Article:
DIY IP Enforcement: Why We Should Be Wary of Web Ad Network "Best Practices"
In yet another step down what could be a slippery slope toward an elaborate extralegal IP enforcement regime, several major Internet advertising networks announced an agreement this week on how they will treat "pirate sites." The good news: the "best practices" could be much much worse. The bad news: once again, Internet users weren't given a seat at the negotiating table.
Ad networks are brokers that connect those who want to advertise online with websites hoping to earn revenue by showing those ads. Though the ad networks are almost invisible to a person browsing the Web, they are a key source of revenue for large parts of the web, such as blogs and news sites. Major media companies and their mouthpieces have been clamoring for ad networks to keep websites that they consider to be "rogue sites" or "pirate sites" from earning ad revenue. The Internet blacklist bills SOPA and PIPA, which were defeated in Congress after massive protests last year, would have created several new methods to choke off that revenue. With the demise of Internet blacklist legislation in Congress, IP owners are turning to private agreements. No law requires ad networks to set up a process like this, but the encouragement of the White House carries an implied threat—create a takedown system "voluntarily" or more SOPA-like laws may follow.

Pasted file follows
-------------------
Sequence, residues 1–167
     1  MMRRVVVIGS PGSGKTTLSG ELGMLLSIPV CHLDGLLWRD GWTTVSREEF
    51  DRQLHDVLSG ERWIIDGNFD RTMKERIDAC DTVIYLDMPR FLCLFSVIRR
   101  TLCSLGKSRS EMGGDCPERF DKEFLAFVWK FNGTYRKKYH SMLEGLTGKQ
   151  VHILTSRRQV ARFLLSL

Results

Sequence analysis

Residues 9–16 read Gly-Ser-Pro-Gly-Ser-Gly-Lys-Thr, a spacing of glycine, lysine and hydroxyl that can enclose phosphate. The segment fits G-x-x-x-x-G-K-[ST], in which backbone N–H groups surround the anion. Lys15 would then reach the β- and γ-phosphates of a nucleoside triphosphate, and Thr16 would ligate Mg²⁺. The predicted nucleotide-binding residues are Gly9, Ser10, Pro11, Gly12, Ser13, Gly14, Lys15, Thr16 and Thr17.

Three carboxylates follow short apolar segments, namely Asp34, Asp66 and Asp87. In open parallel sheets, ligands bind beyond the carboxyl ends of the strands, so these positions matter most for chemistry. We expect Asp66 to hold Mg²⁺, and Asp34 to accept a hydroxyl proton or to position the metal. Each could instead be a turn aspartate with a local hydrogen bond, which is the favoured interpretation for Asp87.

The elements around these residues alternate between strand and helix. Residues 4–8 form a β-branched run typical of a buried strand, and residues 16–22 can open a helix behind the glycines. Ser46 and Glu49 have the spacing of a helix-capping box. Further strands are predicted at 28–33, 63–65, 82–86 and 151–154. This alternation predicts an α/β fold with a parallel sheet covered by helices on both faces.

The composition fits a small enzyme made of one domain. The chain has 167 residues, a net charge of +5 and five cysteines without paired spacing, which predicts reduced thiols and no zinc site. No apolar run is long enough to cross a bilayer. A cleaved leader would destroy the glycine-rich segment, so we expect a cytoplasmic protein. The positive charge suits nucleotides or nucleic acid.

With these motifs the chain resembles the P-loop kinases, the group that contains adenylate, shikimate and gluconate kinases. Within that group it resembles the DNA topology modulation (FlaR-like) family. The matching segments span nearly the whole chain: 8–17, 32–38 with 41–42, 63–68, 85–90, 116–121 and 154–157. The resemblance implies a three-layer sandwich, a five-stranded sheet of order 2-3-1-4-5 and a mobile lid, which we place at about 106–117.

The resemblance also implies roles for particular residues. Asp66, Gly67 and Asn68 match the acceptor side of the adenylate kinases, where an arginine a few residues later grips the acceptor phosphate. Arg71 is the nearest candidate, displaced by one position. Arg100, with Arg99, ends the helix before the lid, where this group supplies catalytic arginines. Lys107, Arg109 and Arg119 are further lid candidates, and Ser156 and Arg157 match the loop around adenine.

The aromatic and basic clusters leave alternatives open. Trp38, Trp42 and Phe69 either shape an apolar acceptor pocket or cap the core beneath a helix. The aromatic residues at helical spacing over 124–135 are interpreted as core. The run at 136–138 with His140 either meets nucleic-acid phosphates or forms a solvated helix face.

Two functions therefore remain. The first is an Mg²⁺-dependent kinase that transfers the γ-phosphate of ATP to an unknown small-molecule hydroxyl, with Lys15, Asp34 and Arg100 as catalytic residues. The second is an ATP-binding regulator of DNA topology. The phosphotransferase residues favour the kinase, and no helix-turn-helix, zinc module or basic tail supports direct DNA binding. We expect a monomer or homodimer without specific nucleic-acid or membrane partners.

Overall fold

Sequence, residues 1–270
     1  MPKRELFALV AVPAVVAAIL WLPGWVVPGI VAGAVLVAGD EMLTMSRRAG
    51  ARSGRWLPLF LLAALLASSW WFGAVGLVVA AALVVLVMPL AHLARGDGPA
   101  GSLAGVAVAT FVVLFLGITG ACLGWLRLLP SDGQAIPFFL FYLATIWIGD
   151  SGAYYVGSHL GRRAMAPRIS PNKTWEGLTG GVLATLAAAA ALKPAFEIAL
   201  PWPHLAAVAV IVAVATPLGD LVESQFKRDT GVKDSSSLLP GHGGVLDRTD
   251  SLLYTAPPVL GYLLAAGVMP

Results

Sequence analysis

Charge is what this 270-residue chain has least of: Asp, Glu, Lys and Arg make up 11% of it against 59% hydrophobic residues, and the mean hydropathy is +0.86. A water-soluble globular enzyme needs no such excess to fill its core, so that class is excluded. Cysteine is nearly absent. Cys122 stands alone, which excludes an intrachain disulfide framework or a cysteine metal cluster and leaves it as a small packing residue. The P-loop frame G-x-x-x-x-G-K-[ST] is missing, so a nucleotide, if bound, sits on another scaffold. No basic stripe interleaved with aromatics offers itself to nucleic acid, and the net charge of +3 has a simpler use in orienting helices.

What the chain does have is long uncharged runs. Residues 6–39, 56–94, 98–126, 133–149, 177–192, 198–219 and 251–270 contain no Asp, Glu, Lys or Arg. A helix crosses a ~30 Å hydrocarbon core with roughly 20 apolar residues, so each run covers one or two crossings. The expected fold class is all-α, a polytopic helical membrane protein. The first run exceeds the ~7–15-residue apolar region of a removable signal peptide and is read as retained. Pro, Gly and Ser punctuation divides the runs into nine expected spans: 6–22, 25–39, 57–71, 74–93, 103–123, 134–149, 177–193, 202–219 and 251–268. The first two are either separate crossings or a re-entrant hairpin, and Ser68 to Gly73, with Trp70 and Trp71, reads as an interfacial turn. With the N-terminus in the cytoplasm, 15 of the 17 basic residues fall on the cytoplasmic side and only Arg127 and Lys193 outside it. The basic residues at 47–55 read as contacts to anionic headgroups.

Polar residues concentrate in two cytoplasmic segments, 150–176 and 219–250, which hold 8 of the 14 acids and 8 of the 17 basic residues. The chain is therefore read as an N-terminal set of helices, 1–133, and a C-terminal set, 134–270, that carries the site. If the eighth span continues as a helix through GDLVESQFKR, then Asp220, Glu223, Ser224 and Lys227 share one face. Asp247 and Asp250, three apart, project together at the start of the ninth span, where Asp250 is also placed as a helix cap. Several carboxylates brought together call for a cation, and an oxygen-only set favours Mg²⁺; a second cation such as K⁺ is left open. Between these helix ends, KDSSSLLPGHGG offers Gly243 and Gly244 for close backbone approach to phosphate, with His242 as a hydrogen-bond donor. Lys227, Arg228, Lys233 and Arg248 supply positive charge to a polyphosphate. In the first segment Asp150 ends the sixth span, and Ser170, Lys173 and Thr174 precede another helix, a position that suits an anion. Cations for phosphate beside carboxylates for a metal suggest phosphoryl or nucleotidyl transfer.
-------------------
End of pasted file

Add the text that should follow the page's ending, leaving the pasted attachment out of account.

In a nutshell, the ad networks will follow a process similar to the Digital Millennium Copyright Act (DMCA) notice and takedown scheme. The process itself is not unreasonable, at least on paper. Ad networks say they will require real evidence that the website is principally dedicated to infringing activity, with no substantial noninfringing uses, before they take action. Actions taken may include simply requesting the customer cease its allegedly infringing activity. In other words, an automatic chokehold is not required. The complaining copyright or trademark holder also has to show that they reached out to the site itself with a DMCA notice or cease and desist letter before asking the ad network to target the site.
That doesn't mean we shouldn't be wary when private companies who control key Internet infrastructure work together (under heavy pressure from major IP owners and the US government) to set the rules about who gets to play and who doesn't. The DMCA takedown process is already abused to censor legitimate content. Entirely extralegal procedures make it harder to punish that kind of abuse. More generally, as with the Copyright Surveillance System, agreements like these are helping to create a web of private laws, without the checks and balances we expect from a real legal system, much less public input from the Internet users who will be affected by these private rules.
And here's the real kicker: this path can all-too-easily lead to a complex web of "voluntary" regulation. For decades, Congress has been giving content providers ever more draconian enforcement tools—but they have never been satisfied. That won't change just because the tools are "voluntary measures." Indeed, the Motion Picture Association of America is already complaining that the ad network best practices don't do nearly enough. You cannot appease these organizations.
EFF will be watching to see who has your back when it comes to "voluntary" IP enforcement, and who does not.